In the process of writing the course I have been filming work as I do it and making videos from the material. The course will include several detailed videos with accompanying written information to make sure that the techniques are understood.

The videos posted already have been done ‘quick time’ so that you can see the effect of the process as the subject is developed. But in the course the videos are broken down into smaller bites so that each technique can be clearly seen. Although the ‘quick time’ videos are available on YouTube,  you will need to sign up for the course to see the full material.

Christmas will soon be upon us and no doubt there will be less time to do painting, drawing or writing for a couple of weeks. But I think you may hear from me at least one ore time before Christmas.

Before you go, do have a look at the latest YouTube video on the pen and ink technique that I use. How to draw a Himalayan seedpod with pen / ink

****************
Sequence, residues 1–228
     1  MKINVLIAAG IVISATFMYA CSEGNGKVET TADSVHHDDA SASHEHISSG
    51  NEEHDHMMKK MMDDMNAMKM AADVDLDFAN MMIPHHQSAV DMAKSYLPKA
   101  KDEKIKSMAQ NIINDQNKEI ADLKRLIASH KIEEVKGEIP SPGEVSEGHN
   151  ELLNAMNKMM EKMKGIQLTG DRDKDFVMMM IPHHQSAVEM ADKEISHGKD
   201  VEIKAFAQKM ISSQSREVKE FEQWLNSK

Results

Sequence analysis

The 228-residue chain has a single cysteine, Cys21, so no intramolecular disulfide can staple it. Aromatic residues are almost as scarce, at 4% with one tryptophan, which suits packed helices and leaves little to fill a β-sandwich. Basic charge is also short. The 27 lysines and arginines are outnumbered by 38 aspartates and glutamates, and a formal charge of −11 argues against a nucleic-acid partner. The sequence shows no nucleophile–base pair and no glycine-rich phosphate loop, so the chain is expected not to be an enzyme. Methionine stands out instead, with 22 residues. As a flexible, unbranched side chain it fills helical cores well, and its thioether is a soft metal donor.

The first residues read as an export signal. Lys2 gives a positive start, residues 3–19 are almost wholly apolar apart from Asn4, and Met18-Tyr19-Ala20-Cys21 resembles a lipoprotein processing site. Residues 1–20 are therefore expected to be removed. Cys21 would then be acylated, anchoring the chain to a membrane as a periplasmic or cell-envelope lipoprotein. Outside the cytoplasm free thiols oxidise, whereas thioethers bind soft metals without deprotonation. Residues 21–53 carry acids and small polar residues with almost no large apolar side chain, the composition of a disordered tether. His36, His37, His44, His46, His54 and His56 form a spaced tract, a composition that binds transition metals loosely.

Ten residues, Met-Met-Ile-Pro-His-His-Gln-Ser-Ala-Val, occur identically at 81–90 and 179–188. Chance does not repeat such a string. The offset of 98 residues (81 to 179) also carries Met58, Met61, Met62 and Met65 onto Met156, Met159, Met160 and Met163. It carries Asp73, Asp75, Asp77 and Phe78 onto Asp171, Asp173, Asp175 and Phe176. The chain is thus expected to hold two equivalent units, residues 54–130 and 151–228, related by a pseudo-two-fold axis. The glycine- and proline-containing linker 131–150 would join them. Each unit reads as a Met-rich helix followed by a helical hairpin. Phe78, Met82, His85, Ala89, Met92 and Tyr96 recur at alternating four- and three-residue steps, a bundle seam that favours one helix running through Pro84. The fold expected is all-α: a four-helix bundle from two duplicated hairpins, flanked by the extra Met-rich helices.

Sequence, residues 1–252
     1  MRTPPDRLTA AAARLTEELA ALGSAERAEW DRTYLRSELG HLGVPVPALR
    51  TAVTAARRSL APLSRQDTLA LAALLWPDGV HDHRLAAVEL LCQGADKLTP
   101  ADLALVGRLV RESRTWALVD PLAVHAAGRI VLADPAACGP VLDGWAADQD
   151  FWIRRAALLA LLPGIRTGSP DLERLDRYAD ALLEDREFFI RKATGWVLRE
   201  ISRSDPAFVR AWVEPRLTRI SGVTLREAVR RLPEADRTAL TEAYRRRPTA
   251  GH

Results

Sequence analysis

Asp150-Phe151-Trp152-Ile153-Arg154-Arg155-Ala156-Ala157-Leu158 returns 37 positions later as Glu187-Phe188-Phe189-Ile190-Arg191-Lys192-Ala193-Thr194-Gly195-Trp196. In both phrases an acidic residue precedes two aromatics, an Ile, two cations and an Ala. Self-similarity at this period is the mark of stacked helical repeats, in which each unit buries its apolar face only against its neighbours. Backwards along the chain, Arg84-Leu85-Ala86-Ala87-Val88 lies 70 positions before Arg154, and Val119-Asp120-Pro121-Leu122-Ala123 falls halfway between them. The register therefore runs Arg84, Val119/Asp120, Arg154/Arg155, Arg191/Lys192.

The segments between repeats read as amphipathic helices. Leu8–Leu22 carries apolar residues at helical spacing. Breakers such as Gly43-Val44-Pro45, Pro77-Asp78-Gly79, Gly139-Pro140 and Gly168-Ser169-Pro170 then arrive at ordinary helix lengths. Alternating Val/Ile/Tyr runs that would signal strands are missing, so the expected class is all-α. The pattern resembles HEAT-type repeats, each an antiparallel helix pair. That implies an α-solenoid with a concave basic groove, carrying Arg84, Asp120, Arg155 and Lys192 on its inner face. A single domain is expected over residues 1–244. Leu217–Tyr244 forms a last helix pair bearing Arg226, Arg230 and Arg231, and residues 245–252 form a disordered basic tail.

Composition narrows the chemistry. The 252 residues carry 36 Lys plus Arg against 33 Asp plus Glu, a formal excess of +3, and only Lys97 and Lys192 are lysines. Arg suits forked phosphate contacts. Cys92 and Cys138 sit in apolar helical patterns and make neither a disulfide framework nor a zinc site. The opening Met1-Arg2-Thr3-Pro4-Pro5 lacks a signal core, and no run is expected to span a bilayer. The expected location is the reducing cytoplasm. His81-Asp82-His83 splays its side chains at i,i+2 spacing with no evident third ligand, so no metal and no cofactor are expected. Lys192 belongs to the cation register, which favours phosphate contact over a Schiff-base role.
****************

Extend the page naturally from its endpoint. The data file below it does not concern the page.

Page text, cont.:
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A new botanical art video: How to draw a Poppy seedcase in graphite

In actual fact, I ought to make a correction to the above title straight away; its How I draw a poppy seedcase in graphite.

Since we came back from Italy, I have been chasing my tail as usual. But there is a result, so the time wasn’t wasted.

I’m in the process of writing a new, online botanical art course starting off with graphite, moving to pen & ink and then either watercolour or coloured pencil (one or the other – the choice being the student’s). I have put a lot of work into the sections I have done so far and knowing that different people learn in different ways, I have thought a lot about this quite a bit.

My husband has been a beautiful model in some sections so that I have been able to explain in words and show in photographs, different techniques. That is the reading and seeing bit. But then we have audio input too, and that is where videos come in.

Some of the videos I have done so far are very short and will not be available unless through the course, but today I have actually finished one that shows how I do a botanical graphite drawing from line drawing to finished piece.